Job-Skills Insights

Time to Step Beyond Survival Mode, Now That We Have Experienced the Ease of Operational Tech Deployment

by Glenn Koh

September 09, 2021

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8 mins read

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Technology and Innovation


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Singapore is good at using technology in our industries. This is suggested by a study by Burning Glass Technology (BGT), which found that Singapore’s economy in 2019 already saw more digital skill penetration, compared to the corresponding economies in the United States, Australia, New Zealand and Canada. To be clear, BGT’s definition of digital skills include both ‘baseline’ skills (use of spreadsheet software, computer literacy) and ‘specific’ skills (programming languages, platform familiarity, etc.). In that light, the findings, which counts simple computer literacy as a ‘skill penetration’, may not seem as impressive.

Nonetheless, our digital skill penetration rate since pre-COVID days likely enabled us to adapt to the circuit breaker and work-from-home as quickly as we did last year. Virtual meetings, in place of face-to-face interactions, is a common practice today and an example of discovering new ways of using technology as our COVID response. However, amidst this positive tone, lies a potentially significant challenge in that, while Singapore is adept at using technology in business, there is much less evidence of our ability to respond to, and adopt, new technologies in innovative ways.

In Deloitte’s Tech Trends 2021 report, this idea of innovative technology adoption in business resounds prominently in their observations of upcoming technology trends. Among the nine key trends identified for 2021, Deloitte provides an interesting perspective in identifying, not only new tech applications for business operations, but, more significantly, opportunities for the strategic layer. 

Advanced analytics, automation, and artificial intelligence (AI) are being deployed in strategic technology platforms. Advances in machine learning are creating opportunities to make real-time and at-scale decisions with growing data volumes beyond human ability to process as efficiently. As automated data gathering and processing capabilities grow, we can anticipate that organisations’ business and technology strategies will not co-exist independently but drive each other. Furthermore, with such technology and real-time data processing within one’s grasp, business strategy development would become a continuous and dynamic endeavour, instead of the traditional one-off, time-consuming efforts. 

In short, technology does not only enhance how our business and workers operate, it can inform us how the entire business can evolve, transform and grow. 

However, the technology by itself is not an answer to all of one’s strategic business needs. As business strategy and technology functions overlap more with inter-operability, Deloitte observed many corporate executives beginning to experience the necessity – and the challenge – to speak in both business and technology languages; to deep-dive into specific pros and cons of various technology solutions against their strategic assumptions and the business problems that need solving. The effective business leaders (CEO, CIO and/or CSO) are those who possesses that balance of business and technology knowledge to examine the underlying technological logic, search for disconfirming data and carefully evaluate the organisation’s assumptions about how the technology will advance the strategy without taking on inadvertent risks.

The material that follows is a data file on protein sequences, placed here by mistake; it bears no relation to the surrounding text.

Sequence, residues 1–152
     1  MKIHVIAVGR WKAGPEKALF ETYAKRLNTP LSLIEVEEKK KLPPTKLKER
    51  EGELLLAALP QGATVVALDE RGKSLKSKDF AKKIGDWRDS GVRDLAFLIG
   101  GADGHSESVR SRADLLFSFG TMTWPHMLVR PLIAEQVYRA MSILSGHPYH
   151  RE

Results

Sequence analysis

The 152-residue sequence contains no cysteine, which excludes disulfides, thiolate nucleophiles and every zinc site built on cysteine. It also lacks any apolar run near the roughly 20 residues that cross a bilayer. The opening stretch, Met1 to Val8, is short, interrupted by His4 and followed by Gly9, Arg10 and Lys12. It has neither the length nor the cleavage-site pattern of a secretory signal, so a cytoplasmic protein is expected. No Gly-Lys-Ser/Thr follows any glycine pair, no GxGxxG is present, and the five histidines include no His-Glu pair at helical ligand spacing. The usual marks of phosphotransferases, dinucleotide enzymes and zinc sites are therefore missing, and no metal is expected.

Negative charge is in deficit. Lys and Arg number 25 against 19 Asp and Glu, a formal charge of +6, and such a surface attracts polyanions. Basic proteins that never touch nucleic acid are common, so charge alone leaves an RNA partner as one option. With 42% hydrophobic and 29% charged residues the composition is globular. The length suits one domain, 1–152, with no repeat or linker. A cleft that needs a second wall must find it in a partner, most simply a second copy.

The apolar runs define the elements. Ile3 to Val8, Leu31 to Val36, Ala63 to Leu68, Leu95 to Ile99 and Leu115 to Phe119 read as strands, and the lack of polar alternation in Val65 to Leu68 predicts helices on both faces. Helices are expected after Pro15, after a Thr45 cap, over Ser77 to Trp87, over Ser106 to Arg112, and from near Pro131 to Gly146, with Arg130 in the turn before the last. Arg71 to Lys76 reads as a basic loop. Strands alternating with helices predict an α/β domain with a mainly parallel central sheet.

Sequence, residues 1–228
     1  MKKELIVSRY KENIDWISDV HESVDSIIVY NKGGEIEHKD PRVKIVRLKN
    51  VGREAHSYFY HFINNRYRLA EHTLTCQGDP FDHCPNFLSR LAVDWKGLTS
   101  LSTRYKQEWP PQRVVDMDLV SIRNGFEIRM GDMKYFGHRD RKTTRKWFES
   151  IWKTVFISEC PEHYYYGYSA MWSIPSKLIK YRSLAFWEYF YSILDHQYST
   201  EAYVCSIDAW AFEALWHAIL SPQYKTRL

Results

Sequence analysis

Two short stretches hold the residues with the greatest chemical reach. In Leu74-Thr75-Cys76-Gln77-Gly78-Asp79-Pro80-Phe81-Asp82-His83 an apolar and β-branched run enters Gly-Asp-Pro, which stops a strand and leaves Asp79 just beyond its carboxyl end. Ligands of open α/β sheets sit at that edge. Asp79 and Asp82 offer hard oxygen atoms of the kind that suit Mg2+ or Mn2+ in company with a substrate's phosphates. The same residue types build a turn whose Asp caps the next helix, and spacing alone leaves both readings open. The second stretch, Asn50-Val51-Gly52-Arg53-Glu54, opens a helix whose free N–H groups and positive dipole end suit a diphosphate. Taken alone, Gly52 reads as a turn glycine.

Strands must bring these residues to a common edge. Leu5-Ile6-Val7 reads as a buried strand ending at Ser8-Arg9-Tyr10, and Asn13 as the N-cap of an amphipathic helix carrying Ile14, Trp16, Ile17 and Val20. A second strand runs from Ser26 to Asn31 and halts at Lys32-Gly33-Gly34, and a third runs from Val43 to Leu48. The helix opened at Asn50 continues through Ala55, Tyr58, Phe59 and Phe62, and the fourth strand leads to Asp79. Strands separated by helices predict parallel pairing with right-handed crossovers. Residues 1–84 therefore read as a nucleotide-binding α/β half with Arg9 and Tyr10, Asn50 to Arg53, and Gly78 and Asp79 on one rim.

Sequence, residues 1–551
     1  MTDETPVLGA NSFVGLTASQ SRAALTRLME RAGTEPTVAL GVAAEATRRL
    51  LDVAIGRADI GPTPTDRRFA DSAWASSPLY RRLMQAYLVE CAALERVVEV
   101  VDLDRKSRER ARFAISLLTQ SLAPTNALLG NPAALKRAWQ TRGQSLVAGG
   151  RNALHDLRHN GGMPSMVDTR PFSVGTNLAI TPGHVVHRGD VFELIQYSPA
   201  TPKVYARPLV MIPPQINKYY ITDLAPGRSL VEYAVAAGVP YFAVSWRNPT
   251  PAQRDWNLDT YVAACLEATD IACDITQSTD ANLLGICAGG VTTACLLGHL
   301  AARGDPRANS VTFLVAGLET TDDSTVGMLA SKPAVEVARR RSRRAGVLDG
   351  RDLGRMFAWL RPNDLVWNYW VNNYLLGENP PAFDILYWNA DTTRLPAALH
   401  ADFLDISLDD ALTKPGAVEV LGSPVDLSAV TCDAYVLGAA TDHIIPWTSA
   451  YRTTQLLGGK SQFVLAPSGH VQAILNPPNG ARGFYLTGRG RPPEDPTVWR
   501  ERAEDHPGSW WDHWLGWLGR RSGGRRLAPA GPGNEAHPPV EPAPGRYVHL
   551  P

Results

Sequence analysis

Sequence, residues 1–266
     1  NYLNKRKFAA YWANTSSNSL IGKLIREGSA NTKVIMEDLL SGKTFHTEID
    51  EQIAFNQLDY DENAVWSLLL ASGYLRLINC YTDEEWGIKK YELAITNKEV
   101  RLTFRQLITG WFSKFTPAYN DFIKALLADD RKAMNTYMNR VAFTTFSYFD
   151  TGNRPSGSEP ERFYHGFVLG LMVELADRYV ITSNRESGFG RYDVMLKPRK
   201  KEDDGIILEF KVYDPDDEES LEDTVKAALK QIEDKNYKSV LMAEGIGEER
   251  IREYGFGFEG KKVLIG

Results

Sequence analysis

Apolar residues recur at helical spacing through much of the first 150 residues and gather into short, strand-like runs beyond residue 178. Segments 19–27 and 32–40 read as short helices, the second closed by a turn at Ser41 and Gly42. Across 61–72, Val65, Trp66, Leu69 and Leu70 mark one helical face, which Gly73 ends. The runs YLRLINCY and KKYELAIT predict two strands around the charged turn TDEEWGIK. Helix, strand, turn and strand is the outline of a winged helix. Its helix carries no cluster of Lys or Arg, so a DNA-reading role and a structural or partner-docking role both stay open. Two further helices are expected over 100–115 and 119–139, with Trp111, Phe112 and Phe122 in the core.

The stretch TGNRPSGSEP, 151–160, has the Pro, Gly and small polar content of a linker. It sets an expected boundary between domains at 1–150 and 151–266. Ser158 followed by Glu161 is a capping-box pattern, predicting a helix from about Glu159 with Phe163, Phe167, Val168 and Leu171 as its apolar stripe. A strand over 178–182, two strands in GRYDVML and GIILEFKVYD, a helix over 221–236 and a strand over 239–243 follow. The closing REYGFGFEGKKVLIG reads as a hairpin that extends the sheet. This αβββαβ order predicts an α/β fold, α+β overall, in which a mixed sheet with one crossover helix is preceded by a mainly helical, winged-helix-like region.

Scenario planning is another strategic skill that comes into play, as the business environment gets increasing complex and uncertain, requiring consideration for a wider range of variables and future scenarios. Adding to this, traditional skills associated with strategy development and implementation – budgeting, outsourcing, collaboration, supply-chain management – all need to take on an additional focus on technological know-how, and it is easy to see that implementing a strategic technological business change is, indeed, not a simple task.  

As technology permeates different layers of business and strategic management, Deloitte further observes that the related skills are also transferrable across the different layers of technology application. AI and machine learning (ML) development can benefit from the same engineering and operational (DevOps) discipline applied in software development; AI teams would benefit from acquiring capabilities that complement those data scientists, and, equipped with ML tools and processes, these expanded AI teams could prove capable in addressing challenges related to accountability and transparency, regulation and compliance. 

As the emergence of vaccinations (hopefully) signal the end of the COVID pandemic in Singapore, perhaps it is time to reflect on the lessons of the past year and challenge our understanding and perceptions of technology. Going into the ‘new normal’ business environment, how can we transcend beyond new technological applications at the operational layer, and recognise technology as a strategic business partner? 

For business owners and professionals seeking to acquire skills related to machine learning, AI and data to revamp your organisations, this list of courses at #MySkillsFuture (https://go.gov.sg/2089jk) might be a good place to start.




Download 220_hrd_apec-closing-the-digital-skills-gap-report (16 MB, .pdf)


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